Friday, July 19, 2013

Layered Clothing Is Best For Canoeing

Back in the 1950s -- when I first began canoeing -- blue jeans, a tee shirt, and tennis shoes were my standard attire for all outdoor activities.  Since then I've learned -- the hard way -- there are better clothing options for outdoor activities.  I'm about to take my grandsons on their first canoe adventure, and I want them to be safe and protected from all things that can hurt them, so here's my clothing advice for them.

Sun, wind, rainy weather, and cold water can make you uncomfortable and may even be dangerous when things go wrong.

Most of my canoe trips are during the summer when the days are warm -- usually with temperatures that range from a low of 35˚ (early mornings) to a high of 85˚ degrees -- and I rarely canoe in water colder than 50˚ degrees.  

If you plan to canoe in colder weather and cold water (below 50˚) you should consider wet or dry suit options for better thermal protection.

Over the years I've discovered you are more comfortable canoeing when you dress in layers that can be added or removed as weather conditions change during the day.

Moisture Management Layer 

My first layer of clothing -- closest to my skin -- consists of a pair of nylon briefs, a long sleeve polypropylene tee shirt, and lightweight merino wool socks.  These are wicking fabrics designed to draw moisture away from my skin.  Cotton is a poor choice because it is very absorbent and too slow to dry, and can lead to hypothermia in cold conditions.

Insulation Layer

My next layer of clothing consists of wool whipcord pants, a nylon or wool shirt, a web belt, and pack boots or quick drying water shoes.  Wool is a great natural insulator, even when wet.  However, it's slow to dry and can be heavy when wet.  I've found that thinner whipcord pants are ideal even on fairly warm days, but if I think it's going to be warmer than mid 70s I often wear nylon pants.  Nylon is quick drying and offers some protection in windy conditions.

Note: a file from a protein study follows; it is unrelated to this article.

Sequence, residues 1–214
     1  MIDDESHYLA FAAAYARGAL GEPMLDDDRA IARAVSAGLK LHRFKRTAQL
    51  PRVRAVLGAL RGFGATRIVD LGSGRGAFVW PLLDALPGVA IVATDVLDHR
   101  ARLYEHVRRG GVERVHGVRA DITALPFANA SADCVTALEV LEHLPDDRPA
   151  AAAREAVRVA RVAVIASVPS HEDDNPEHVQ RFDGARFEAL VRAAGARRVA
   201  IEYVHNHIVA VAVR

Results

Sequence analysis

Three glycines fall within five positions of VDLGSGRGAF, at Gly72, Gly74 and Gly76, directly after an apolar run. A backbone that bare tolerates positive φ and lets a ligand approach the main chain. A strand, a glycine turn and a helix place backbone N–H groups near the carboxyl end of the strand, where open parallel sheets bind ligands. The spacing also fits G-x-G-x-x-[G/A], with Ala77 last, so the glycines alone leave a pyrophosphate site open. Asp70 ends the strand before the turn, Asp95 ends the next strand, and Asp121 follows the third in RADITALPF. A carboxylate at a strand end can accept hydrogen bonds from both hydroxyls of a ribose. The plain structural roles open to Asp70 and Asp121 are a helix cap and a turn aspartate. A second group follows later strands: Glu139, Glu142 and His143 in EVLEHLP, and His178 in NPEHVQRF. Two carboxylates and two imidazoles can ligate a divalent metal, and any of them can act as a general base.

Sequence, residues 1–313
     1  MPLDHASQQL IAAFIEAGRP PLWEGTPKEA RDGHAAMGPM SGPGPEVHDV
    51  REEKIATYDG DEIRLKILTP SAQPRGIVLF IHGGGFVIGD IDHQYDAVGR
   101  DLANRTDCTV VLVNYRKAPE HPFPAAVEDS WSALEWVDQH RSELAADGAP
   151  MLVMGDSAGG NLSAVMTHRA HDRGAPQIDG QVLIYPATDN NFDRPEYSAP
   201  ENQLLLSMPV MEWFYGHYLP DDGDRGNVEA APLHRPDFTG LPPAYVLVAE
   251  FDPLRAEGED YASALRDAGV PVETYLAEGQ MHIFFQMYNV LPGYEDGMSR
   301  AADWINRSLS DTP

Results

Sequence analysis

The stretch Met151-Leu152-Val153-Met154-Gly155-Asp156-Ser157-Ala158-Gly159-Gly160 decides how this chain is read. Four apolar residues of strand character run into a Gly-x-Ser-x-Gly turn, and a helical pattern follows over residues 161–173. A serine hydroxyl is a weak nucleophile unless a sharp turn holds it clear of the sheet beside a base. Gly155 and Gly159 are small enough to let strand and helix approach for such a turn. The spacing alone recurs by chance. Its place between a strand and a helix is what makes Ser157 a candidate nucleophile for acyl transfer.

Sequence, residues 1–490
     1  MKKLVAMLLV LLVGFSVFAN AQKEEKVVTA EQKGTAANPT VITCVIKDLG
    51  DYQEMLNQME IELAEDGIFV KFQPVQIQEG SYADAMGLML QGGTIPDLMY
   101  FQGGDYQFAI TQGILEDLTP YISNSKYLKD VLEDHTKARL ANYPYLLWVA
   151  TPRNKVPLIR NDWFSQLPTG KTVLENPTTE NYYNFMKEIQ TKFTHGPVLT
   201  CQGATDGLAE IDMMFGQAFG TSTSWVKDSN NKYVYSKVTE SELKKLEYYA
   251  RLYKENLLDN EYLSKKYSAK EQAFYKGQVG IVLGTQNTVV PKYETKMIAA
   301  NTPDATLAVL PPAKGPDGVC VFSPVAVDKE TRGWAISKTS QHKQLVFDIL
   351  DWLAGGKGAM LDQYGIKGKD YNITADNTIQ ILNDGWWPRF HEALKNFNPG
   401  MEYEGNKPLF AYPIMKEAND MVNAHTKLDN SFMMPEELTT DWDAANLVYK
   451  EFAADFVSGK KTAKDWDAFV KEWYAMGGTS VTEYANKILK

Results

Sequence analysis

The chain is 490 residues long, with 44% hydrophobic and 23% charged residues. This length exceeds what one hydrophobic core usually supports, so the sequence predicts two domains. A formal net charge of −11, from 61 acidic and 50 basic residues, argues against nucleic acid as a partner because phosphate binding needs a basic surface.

My final insulation layer is a synthetic fleece jacket.  It stays warm even when wet and is lighter weight than a wool jacket.  Finally, always wear a PFD (personal flotation device).

Rain and Wind Protection Layer

On all paddling trips I carry a light gore-tex®‎ paddle jacket and a pair of gore-tex rain pants in my essentials bag (photo above).  They repel wind and light rain while providing excellent breathability.  When on longer wilderness trips I also carry a gore-tex®‎ mountain parka with a polar fleece lining.


Head Protection -- a good wide brim cowboy hat provides fair protection from both sun and rain.  It also helps keep my head warm on colder mornings.  In a pinch -- I've even baled a swamped canoe with mine.

Hand Protection -- I usually don't like to wear gloves for paddling and rely on a little sunscreen during the day and hand lotion at night.  However, I do carry a pair of polypropylene gloves for those frosty early mornings.  If you are prone to blisters you may want to buy a pair of NRS paddler's gloves.

Footwear -- Keeping your feet warm and dry is next to impossible on paddling trips (you will get wet during canoe entries and exits).  I like water shoes when I'm only going to be out for a few hours and don't have to do a lot of walking.  Hiking or portaging in wet, soggy shoes can lead to blisters, twisted ankles and falls, so I always pack an extra pair of comfortable lightweight boots (and socks) for onshore activities. 

Sunglasses -- I wear floating, polarized sunglasses on lanyard.

For more canoe adventure stories and other helpful suggestions see:

When you're 50 miles from the nearest outpost and it's raining you'll be glad you have the correct layered clothing.

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